Peak 2,675ft
Peak 2,060ft P300

Tue, Dec 27, 2022
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After a day of driving around OHV and utility roads for a bunch of short hikes and drive-ups, today's outing was more hiking, less driving - a 9mi loop in the foothills of the Santa Rosa Mtns south of Cathedral City. The lands here are a patchwork of BLM, state and other lands. The "other" category does not include tribal lands (those are mostly to the west), but the CalTopo land layers does not say what these 460acre squares are. If they are private, there are no fences or signs to indicate so, and it seems like all of the areas I traversed are, for all intent and purposes, BLM land. There are many hiking and biking trails throughout the area, some of them shown on Google Maps. The weather was overcast, but no rain today, as a major storm was making its way across most of the state. Some rain was expected come evening. The vegetation on these hills below 3,000ft is very sparse, in the rainshadow of the higher summits on the crest of the range to the west. This makes for fairly tame cross-country travel.

I used the Dunn Road Access Trail (the name used by Google Maps) on the southwest side of Cathedral City. There is no signage indicating a trailhead here, no welcoming kiosks or open gates. The fencing is old, but still serviceable, mainly intended to keep motor vehicles out. One has to duck under an iron bar next to a locked gate to access Dunn Rd. This old road is shown on the topo map climbing south into the Santa Rosas, eventually connecting with Hwy 74 in the Pinyon Flat area. The road is no longer open to vehicles, but foot and bike traffic is welcome and somewhat popular. I followed this road up for 3.7mi, past a trail junction, until about 0.4mi northeast of Peak 2,675ft. I hiked the easy P8>cross-country to the summit, only to discover the Hahn mountain bike trail goes nearly over the summit. One end of this trail descends ESE to the Mike Dunn Desert Riders Oasis (Google Maps label) and Dunn Rd, making it possible to summit without any cross-country travel. Not the shortest or easiest way unless on a bike, however. It took about an hour and a half to reach this first summit.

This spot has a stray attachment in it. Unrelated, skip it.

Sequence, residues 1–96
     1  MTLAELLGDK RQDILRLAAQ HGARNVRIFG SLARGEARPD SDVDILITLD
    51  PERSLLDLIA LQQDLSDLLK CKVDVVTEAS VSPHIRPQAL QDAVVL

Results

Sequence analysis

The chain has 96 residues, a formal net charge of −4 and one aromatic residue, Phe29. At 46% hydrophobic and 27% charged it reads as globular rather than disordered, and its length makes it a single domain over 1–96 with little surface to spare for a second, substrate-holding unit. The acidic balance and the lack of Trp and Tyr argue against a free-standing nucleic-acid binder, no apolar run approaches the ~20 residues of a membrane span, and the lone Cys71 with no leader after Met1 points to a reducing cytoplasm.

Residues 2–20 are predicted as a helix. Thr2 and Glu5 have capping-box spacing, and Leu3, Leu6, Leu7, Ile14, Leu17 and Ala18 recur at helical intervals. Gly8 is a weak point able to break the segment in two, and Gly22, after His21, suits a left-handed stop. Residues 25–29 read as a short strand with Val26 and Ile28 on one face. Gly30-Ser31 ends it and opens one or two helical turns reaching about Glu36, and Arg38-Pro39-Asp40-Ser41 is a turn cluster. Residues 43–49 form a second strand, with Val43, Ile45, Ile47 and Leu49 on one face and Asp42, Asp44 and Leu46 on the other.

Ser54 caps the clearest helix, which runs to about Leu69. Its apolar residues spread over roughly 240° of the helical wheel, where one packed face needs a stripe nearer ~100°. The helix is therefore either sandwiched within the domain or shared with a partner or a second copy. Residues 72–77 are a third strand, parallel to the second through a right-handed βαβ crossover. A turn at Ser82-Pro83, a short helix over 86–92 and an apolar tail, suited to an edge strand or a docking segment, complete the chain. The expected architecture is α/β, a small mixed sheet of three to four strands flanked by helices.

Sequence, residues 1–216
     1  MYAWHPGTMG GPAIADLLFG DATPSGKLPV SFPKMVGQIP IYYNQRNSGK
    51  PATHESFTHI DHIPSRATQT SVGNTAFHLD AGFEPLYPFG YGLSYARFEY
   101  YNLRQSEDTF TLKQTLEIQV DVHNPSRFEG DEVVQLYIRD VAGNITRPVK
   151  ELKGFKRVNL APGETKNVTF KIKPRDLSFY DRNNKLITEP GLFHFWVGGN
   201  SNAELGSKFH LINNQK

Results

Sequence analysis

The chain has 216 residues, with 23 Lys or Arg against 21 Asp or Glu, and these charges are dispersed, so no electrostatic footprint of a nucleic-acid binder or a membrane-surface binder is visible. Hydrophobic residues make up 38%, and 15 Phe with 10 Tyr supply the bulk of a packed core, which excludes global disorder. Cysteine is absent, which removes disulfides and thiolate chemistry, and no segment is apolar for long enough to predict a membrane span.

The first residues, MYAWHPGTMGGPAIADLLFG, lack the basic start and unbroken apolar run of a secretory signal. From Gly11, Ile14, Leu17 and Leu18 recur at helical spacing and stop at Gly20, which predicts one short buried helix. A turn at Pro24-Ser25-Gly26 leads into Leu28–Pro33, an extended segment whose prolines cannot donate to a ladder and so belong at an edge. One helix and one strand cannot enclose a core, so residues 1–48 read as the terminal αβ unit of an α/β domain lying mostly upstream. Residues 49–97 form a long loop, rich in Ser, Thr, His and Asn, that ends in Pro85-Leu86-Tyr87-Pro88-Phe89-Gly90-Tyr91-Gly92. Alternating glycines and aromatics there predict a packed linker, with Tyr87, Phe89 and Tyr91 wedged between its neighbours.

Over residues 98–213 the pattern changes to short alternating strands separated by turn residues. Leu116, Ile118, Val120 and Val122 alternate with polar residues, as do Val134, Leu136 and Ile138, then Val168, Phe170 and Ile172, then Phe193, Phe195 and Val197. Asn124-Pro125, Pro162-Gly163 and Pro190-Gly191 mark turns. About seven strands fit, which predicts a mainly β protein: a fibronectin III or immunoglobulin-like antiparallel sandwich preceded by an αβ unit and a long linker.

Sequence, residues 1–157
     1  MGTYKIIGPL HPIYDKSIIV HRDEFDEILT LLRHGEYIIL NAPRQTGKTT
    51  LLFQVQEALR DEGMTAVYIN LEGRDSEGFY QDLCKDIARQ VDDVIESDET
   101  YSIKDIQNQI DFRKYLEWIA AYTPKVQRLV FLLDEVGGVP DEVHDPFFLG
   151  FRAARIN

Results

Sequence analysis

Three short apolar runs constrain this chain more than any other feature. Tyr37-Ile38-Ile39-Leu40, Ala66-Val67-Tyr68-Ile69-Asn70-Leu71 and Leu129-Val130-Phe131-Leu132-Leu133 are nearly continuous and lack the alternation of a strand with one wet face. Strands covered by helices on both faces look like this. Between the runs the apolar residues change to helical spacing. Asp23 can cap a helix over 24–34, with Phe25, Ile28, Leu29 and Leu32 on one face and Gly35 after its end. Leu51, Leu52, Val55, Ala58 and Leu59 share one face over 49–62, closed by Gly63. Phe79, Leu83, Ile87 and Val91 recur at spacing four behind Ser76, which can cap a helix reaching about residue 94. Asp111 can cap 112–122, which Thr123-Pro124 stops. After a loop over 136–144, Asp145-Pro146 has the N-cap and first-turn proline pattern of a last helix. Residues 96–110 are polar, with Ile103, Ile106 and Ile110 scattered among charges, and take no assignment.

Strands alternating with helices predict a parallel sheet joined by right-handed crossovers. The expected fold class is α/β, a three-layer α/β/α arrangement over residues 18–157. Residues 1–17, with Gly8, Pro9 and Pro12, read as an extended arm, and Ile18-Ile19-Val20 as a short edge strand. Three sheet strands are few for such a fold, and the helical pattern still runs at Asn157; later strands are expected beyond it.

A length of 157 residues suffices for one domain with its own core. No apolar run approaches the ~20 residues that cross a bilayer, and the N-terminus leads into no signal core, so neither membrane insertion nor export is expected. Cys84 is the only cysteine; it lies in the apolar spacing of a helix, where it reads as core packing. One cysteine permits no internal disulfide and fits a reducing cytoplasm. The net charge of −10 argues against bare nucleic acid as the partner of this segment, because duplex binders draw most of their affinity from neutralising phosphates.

The second summit, Peak 2,060ft, is about 2.2mi NE of Peak 2,675ft. There isn't a whole lot of elevation gain/loss along the shortest route, but it does go across the grain of the drainages, leaving one with many small up and down segments. I spent an hour and a quarter getting between the two summits. Peak 2,060ft overlooks the heavily developed portion of Coachella Valley between Palm Springs and Indio. Lots of bustling city noises can be heard coming up from below. My return route to the northwest was only about 2mi, most of it cross-country. I descended the WNW Ridge to drop into a narrow drainage that would eventually empty into Cathedral Canyon back at the edge of town. I picked up an old road along the way (shown on topo map), but left it shortly thereafter since it veered into an adjacent drainage. The narrow canyon had some mild class 3 scrambling to get past a handful of short dryfalls, along with some dodging of catclaw that grows in the sandy streambed. It was probably the most interesting part of the outing. I eventually ended up on the south side of town where a neighbor has left a view bench overlooking the wide Cathedral Canyon wash. I then hiked one of the neighborhood streets the short distance back to the start. Just over an hour for this last leg, returning me to the Jeep by 11a.

Sean K comments on 12/28/22:
Peak 2,060 is also known as "Bradley Peak" and an ascent of its SE ridge (the ridge coming east off of spot elevation 2,005) from the valley floor is a very fun class 3/4 scramble.
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